12 new books to look forward to this week. ‹ Literary Hub

Katie Yee

November 15, 2022, 4:55 am

Another Tuesday, another round of news. This week sees the release of a new Patti Smith, an anthology edited by Eileen Myles, Hanif Abdurraqib’s five-year anniversary edition, and more.


Patti Smith, Book of Days

patti smith, Book of days
(Random House)

“A strong combination of image and text inspired by Instagram, but at the same time original in its execution.”
– Kirkus

pathetic literature_eileen myles

Eileen Myles (ed.), Pathetic literature
(Grove Press)

“In this powerful anthology, poet Myles shares a wide-ranging yet deeply focused reading list that weaves together the concept of pathos.”
– Publishers’ Weekly

Nick Hornby, Dickens and the Prince: A Peculiar Kind of Genius

Nick Hornby, Dickens and the Prince: A Peculiar Kind of Genius
(A river)

“An ardent fan letter from Hornby that will make you want to read it again Great expectations while listening Sign the Times.”
– Vogue

mouse now

Hillary Chute (ed.), Maus Now: Featured Writing

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“This is a collection of thought-provoking pieces that explores themes that Maus is touching and a must-read if you’ve read Spiegelman’s books.’
– The Rebellion book

burning of idols

Rin Usami, tr. Asa Yoneda, Idol, Burning

“With unflinching clarity, Usami expertly transforms Akari’s devotion into a debilitating disconnect… A poignant, disturbing international bestseller from Japan reveals teenage detachment and isolation in the frenetic world of obsessive fandom.”
– Awareness of shelves

wonder moreno_december breeze

Marvel Moreno, tr. Isabel Adey and Charlotte Coombe, December breeze

“As a Colombian expat and writer, I feel a strong connection to Moreno’s work and share her obsession with the world she grew up in.”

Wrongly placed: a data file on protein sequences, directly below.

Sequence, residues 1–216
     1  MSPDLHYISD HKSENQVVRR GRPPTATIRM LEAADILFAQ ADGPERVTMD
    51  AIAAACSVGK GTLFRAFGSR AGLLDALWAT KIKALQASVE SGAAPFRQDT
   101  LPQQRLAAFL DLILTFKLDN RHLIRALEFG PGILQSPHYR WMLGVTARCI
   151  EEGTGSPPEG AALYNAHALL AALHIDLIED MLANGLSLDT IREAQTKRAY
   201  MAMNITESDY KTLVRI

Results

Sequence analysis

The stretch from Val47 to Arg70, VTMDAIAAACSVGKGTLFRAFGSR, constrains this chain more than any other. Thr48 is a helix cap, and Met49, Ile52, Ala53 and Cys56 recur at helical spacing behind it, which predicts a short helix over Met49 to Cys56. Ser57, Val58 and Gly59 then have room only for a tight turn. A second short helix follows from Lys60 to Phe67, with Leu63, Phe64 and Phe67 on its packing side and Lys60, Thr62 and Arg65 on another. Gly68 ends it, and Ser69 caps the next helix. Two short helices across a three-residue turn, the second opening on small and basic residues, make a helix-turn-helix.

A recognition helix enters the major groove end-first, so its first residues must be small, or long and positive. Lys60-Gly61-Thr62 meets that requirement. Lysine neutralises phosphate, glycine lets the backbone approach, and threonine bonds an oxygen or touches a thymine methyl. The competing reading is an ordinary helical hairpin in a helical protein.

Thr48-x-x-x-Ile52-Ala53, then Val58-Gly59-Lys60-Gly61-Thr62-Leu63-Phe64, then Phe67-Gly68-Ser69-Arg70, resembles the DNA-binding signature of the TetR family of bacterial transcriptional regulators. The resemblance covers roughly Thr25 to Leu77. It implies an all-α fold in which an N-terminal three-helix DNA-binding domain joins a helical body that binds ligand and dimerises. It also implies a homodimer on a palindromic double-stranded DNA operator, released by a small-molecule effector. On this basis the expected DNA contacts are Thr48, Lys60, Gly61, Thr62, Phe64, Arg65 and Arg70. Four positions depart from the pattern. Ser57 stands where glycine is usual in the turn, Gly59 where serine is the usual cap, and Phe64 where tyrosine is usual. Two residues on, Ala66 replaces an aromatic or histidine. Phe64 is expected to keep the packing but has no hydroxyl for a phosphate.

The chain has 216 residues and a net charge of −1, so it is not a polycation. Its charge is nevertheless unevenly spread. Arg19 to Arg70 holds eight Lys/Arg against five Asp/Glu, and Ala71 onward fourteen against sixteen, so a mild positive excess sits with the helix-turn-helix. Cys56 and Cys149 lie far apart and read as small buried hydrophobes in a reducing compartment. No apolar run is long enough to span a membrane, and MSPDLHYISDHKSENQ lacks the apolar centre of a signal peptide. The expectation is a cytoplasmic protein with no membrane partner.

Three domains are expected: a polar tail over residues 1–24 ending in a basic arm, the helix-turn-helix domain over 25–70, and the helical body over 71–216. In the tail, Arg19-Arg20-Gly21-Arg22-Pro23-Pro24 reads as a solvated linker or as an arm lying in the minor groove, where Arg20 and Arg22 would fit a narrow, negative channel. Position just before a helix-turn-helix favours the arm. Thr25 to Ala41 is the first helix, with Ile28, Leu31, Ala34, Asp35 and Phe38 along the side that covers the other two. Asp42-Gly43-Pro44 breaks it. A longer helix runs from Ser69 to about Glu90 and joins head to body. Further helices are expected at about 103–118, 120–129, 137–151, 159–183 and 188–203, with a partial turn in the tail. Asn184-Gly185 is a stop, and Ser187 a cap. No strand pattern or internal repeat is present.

– On the Sea Wall

Brigitta Olubas, Shirley Hazzard: A Writer's Life

Brigitta Olubasová, Shirley Hazzard: A Writer’s Life

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“An illuminating portrait of an esteemed Australian-born novelist and essayist… An engaging, well-crafted profile of an extraordinarily gifted writer.”
– Kirkus

they can't kill us until they kill us

Hanif Abdurraqib, They can’t kill us until they kill us
(two dollar radio)

“It’s a collection of essays on music and culture, written with such insight and tenderness that I read them in a day and immediately read the whole thing again… It’s magnificent.”
– The New York Times


Sevgi Soysal, tr. Maureen Freely, Dawn
(Archipelago Books)

“[Dawn] strongly underlines how the threat of violence drives all characters into suspicion and paranoia. This story of persecution convinces with its urgency and humanity.”
– Publishers’ Weekly

eric hazan_paris confused

Eric Hazan Paris in Confusion: A City Between Past and Future

“[Readers] will find this fiery and enchanting bundle to be the perfect companion for a stroll through the City of Light.
– Library journal

Brian Thomas Swimme, Cosmogenesis: The Discovery of the Expanding Universe

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“Rarely, if ever, in the scientific tradition has the excitement of space been expressed in such a memorable phrase.”
– Creation magazine

Emma Smith, Portable Magic: A History of Books and Their Readers

Emma Smith, Portable magic

Portable magic is a love song to the book as a physical object. In tactile prose, Smith reminds us of the thrill and spill of battered envelopes, the illicit pleasure of writing in the margins when you’ve been told not to, and the guilt that comes from deepening the marks someone else has left.’
– The guard


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